The detailed descriptions which follow may be presented in terms of program procedures executed on a computer or network of computers. These procedural descriptions and representations are the means used by those skilled in the art to most effectively convey the substance of their work to others skilled in the art.
A procedure is here, and generally, conceived to be a self-consistent sequence of steps leading to a desired result. These steps are those requiring physical manipulations of physical quantities. Usually, though not necessarily, these quantities take the form of electrical or magnetic signals capable of being stored, transferred, combined, compared, and otherwise manipulated. It proves convenient at times, principally for reasons of common usage, to refer to these signals as bits, values, elements, symbols, characters, terms, numbers, or the like. It should be noted, however, that all of these and similar terms are to be associated with the appropriate physical quantities and are merely convenient labels applied to these quantities.
Further, the manipulations performed are often referred to in terms, such as adding or comparing, which are commonly associated with mental operations performed by a human operator. No such capability of a human operator is necessary, or desirable in most cases, in any of the operations described herein which form part of the present invention; the operations are machine operations. Useful machines for performing the operation of the present invention include general purpose digital computers or similar devices.
The present invention also relates to apparatus for performing these operations. This apparatus may be specially constructed for the required purpose or it may comprise a general purpose computer as selectively activated or reconfigured by a computer program stored in the computer. The procedures presented herein are not inherently related to a particular computer or other apparatus. Various general purpose machines may be used with programs written in accordance with the teachings herein, or it may prove more convenient to construct more specialized apparatus to perform the required method steps. The required structure for a variety of these machines will appear from the description given.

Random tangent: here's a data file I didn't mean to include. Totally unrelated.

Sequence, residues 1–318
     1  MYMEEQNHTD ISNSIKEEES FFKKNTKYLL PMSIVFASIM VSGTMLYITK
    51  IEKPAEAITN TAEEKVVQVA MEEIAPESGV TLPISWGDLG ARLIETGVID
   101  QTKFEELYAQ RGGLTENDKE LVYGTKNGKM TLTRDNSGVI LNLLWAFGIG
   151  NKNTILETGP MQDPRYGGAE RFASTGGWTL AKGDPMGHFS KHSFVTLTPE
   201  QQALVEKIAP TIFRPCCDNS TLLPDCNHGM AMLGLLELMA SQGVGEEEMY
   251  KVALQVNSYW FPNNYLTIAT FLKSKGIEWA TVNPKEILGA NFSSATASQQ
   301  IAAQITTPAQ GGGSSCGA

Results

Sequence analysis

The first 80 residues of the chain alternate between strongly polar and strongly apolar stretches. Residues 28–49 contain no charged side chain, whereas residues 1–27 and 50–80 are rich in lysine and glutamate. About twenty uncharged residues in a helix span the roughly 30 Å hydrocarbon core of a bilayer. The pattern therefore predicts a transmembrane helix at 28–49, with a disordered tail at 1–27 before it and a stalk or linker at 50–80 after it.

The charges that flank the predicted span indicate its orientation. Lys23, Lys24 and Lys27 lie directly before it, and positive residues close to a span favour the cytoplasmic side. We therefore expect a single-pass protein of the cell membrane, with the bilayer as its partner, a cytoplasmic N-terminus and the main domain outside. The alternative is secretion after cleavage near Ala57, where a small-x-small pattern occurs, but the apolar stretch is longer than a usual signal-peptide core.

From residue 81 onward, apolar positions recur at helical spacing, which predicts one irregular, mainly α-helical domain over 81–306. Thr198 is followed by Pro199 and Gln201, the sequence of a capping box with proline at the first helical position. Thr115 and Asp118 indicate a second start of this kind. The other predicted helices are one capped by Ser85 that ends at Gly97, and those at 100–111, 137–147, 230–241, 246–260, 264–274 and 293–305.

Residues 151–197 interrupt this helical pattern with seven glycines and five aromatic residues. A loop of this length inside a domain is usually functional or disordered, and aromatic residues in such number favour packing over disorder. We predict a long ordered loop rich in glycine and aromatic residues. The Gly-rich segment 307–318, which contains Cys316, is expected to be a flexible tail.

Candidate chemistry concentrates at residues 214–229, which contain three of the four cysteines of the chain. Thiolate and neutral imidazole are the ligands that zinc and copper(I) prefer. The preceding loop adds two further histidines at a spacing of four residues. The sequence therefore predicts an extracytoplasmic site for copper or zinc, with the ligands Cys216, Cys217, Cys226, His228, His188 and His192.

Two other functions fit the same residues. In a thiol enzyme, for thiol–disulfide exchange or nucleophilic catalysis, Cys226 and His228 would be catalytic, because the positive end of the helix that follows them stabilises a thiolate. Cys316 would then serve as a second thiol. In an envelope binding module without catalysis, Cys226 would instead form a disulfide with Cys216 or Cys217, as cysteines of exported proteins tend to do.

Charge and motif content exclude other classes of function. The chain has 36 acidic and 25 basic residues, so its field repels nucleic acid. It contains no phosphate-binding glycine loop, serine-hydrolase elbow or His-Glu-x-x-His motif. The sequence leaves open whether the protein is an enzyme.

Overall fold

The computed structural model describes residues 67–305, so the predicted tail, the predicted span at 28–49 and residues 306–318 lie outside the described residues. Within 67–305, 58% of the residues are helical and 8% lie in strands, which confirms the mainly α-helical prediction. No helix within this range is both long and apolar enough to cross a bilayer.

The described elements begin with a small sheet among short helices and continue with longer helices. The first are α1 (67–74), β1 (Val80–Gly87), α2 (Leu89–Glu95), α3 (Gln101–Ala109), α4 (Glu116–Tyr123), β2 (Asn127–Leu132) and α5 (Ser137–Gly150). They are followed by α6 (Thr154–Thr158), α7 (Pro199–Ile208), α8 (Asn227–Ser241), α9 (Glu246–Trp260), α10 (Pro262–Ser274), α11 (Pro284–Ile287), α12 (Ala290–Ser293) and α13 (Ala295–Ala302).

FIG. 1A illustrates a computer of a type suitable for carrying out the invention. Viewed externally in FIG. 1A, a computer system has a central processing unit 100 having disk drives 110A and 110B. Disk drive indications 110A and 110B are merely symbolic of a number of disk drives which might be accommodated by the computer system. Typically, these would include a floppy disk drive such as 110A, a hard disk drive (not shown externally) and a CD ROM drive indicated by slot 110B. The number and type of drives varies, typically, with different computer configurations. The computer has the display 120 upon which information is displayed. A keyboard 130 and a mouse 140 are typically also available as input devices. Preferably, the computer illustrated in FIG. 1A is a SPARC workstation from Sun Microsystems, Inc.